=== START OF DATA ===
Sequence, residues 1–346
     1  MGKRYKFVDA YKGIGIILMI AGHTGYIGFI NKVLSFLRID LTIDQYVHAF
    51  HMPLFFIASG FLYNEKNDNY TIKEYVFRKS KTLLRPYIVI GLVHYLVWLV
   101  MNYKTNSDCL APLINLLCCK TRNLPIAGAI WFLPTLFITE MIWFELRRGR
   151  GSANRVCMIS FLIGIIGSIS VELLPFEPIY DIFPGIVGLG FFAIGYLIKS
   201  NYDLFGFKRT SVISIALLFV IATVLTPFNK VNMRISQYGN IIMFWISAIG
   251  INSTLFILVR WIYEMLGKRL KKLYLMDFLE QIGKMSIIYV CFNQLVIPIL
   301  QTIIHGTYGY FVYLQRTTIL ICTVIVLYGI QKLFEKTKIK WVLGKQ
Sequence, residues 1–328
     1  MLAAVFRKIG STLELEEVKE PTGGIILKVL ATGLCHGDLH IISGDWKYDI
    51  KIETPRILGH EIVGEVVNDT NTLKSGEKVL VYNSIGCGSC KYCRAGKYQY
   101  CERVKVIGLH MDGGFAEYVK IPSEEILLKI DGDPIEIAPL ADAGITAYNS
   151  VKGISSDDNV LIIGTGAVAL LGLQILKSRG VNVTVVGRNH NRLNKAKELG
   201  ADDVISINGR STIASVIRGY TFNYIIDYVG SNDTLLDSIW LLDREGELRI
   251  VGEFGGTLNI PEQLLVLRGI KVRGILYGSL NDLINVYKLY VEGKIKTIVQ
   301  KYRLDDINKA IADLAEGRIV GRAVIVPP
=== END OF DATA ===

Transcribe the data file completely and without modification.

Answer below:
Sequence, residues 1–346
     1  MGKRYKFVDA YKGIGIILMI AGHTGYIGFI NKVLSFLRID LTIDQYVHAF
    51  HMPLFFIASG FLYNEKNDNY TIKEYVFRKS KTLLRPYIVI GLVHYLVWLV
   101  MNYKTNSDCL APLINLLCCK TRNLPIAGAI WFLPTLFITE MIWFELRRGR
   151  GSANRVCMIS FLIGIIGSIS VELLPFEPIY DIFPGIVGLG FFAIGYLIKS
   201  NYDLFGFKRT SVISIALLFV IATVLTPFNK VNMRISQYGN IIMFWISAIG
   251  INSTLFILVR WIYEMLGKRL KKLYLMDFLE QIGKMSIIYV CFNQLVIPIL
   301  QTIIHGTYGY FVYLQRTTIL ICTVIVLYGI QKLFEKTKIK WVLGKQ
Sequence, residues 1–328
     1  MLAAVFRKIG STLELEEVKE PTGGIILKVL ATGLCHGDLH IISGDWKYDI
    51  KIETPRILGH EIVGEVVNDT NTLKSGEKVL VYNSIGCGSC KYCRAGKYQY
   101  CERVKVIGLH MDGGFAEYVK IPSEEILLKI DGDPIEIAPL ADAGITAYNS
   151  VKGISSDDNV LIIGTGAVAL LGLQILKSRG VNVTVVGRNH NRLNKAKELG
   201  ADDVISINGR STIASVIRGY TFNYIIDYVG SNDTLLDSIW LLDREGELRI
   251  VGEFGGTLNI PEQLLVLRGI KVRGILYGSL NDLINVYKLY VEGKIKTIVQ
   301  KYRLDDINKA IADLAEGRIV GRAVIVPP